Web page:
## The volume of Coolant in Reactor Coolant System

In typical modern **pressurized water reactors** (PWRs), the **Reactor Coolant System** (RCS), shown in the figure, consists of:

- the
**reactor vessel**contains the nuclear fuel - four parallel heat transfer
**loops**connected to a reactor vessel. - each loop contains a
**main coolant pump**and a**steam generator**. - the system includes a
**pressurizer**and its auxiliary systems

All RCS components are located inside the containment building.

There is compressed liquid water inside the reactor vessel, loops, and steam generators at normal operation. The pressure is maintained at approximately **16MPa**. At this pressure, water boils at approximately **350°C** (662°F). The inlet temperature of the water is about** 290°C** (554°F). The water (coolant) is heated in the reactor core to approximately** 325°C** (617°F) as the water flows through the core. As it can be seen, the reactor contains approximately 25°C subcooled coolants (distance from the saturation). This high pressure is maintained by the pressurizer, a separate vessel that is connected to the primary circuit (hot leg) and partially filled with water (partially with saturated steam) which is heated to the **saturation temperature** (boiling point) for the desired pressure by submerged **electrical heaters**. The temperature in the pressurizer can be maintained at 350 °C. About **60%** of the pressurizer volume occupies the **compressed water** at normal conditions, and about **40%** of the volume occupies the **saturated steam**.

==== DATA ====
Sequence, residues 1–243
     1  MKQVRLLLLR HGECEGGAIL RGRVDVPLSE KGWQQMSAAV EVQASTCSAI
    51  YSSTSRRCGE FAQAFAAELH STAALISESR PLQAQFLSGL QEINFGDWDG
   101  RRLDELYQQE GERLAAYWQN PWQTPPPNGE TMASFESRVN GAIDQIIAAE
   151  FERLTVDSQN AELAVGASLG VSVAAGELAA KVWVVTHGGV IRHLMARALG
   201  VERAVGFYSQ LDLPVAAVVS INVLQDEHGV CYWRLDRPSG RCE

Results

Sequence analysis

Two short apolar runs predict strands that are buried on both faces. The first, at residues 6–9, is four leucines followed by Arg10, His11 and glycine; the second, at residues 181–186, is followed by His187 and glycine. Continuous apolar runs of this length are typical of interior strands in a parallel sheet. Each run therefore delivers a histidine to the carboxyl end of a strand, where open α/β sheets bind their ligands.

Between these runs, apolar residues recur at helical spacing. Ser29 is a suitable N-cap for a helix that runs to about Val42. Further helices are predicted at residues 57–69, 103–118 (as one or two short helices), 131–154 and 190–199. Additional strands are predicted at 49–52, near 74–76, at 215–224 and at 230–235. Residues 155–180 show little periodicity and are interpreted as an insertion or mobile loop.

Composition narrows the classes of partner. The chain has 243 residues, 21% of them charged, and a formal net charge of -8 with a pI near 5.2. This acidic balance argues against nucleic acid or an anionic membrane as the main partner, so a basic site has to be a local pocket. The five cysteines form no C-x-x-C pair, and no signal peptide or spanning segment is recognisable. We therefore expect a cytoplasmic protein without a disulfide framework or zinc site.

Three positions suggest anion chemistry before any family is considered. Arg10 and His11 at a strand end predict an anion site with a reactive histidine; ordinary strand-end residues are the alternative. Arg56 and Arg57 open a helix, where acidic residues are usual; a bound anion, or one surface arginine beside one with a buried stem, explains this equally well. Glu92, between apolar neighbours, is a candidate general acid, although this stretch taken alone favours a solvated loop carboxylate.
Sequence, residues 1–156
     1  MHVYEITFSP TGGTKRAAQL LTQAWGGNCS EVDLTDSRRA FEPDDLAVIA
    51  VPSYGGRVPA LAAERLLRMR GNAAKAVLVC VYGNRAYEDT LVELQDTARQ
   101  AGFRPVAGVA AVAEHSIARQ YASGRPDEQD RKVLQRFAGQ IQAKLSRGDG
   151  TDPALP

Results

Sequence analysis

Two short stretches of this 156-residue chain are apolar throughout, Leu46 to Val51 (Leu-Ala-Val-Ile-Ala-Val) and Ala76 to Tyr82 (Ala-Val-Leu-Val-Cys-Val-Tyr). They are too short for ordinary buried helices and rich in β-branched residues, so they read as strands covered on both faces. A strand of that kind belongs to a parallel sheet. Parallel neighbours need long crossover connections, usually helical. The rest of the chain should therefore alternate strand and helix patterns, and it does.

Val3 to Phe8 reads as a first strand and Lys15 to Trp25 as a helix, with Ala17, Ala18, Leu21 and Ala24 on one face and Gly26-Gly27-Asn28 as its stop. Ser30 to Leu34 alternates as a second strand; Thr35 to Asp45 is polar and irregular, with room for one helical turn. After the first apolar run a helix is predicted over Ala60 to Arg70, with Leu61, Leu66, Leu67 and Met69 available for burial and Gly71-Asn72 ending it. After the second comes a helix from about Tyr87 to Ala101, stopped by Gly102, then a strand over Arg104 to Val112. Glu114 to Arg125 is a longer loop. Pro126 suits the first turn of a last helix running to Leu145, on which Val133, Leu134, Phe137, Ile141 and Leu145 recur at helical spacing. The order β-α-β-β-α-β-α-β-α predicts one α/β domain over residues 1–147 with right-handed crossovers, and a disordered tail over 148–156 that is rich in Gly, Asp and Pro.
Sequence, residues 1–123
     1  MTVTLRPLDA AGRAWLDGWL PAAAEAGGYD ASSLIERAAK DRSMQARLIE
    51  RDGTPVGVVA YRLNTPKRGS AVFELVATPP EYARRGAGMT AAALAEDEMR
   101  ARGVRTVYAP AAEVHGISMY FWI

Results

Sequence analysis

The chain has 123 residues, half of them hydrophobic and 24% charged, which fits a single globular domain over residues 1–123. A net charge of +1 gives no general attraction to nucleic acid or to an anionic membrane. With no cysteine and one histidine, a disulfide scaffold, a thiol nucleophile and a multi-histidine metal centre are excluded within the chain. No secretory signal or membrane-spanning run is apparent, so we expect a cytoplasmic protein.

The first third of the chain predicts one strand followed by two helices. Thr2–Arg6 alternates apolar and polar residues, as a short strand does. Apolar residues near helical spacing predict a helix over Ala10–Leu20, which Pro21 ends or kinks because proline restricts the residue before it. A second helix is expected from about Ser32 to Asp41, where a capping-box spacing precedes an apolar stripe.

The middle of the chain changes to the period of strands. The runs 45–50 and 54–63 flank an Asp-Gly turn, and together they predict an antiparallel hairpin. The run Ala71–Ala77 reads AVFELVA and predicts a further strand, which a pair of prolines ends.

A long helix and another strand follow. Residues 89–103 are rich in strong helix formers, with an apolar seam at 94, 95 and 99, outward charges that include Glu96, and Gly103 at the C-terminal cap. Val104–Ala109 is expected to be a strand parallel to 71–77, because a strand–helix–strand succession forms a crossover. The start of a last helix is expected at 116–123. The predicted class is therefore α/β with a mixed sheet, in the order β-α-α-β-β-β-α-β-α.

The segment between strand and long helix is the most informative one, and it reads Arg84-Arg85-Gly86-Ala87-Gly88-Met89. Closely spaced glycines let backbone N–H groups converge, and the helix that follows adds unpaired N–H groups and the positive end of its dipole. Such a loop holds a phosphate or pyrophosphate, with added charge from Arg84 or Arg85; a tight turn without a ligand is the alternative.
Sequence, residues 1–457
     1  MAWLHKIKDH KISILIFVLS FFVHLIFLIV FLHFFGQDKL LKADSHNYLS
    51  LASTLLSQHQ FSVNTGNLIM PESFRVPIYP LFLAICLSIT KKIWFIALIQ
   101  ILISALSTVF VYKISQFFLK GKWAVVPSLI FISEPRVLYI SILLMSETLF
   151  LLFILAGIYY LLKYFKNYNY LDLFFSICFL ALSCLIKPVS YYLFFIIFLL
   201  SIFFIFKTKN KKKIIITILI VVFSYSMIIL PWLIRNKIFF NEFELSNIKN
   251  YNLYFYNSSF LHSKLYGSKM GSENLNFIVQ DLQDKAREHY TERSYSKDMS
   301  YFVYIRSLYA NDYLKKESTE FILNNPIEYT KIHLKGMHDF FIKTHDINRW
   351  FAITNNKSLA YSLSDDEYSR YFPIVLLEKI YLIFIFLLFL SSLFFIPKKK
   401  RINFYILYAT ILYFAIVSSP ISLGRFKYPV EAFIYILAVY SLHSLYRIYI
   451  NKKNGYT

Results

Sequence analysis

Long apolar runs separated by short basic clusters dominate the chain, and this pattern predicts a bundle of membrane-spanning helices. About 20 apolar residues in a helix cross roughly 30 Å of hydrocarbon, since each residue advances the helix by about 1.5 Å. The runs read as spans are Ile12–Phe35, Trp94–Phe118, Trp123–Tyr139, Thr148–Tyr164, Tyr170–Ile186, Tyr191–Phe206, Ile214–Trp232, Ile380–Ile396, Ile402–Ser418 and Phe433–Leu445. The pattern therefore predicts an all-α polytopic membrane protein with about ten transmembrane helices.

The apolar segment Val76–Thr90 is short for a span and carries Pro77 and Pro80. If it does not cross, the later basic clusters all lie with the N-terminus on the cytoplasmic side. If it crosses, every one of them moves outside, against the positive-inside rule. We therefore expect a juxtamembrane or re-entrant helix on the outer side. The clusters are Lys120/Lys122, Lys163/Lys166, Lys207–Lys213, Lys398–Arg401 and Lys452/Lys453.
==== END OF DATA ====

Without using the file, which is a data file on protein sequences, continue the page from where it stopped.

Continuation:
Volumes of typical PWR are in the following table.

**It is an illustrative example, and the following data do not correspond to any reactor design.**

It must be noted the **volume of the coolant** significantly **changes** with the **temperature** of the coolant. The** total mass** of the coolant always remains the same. A change in water volume is not a change in water inventory. The reactor coolant volume changes with temperature because of **changes in density**. Most substances **expand w****hen heated** and **contract when cooled**. However, the amount of expansion or contraction varies, depending on the material. This phenomenon is known as **thermal expansion**. The change in volume of a material that undergoes a temperature change is given by the following relation:

where ∆T is the temperature change, V is the original volume, ∆V is the volume change, and **α**** _{V}** is the

**coefficient of volume expansion**.

The** volumetric thermal expansion coefficient** for water is **not constant** over the temperature range and increases with the temperature (**especially at 300°C**). Therefore the change in density is **not linear** with temperature (as indicated in the figure).

See also: Steam Tables.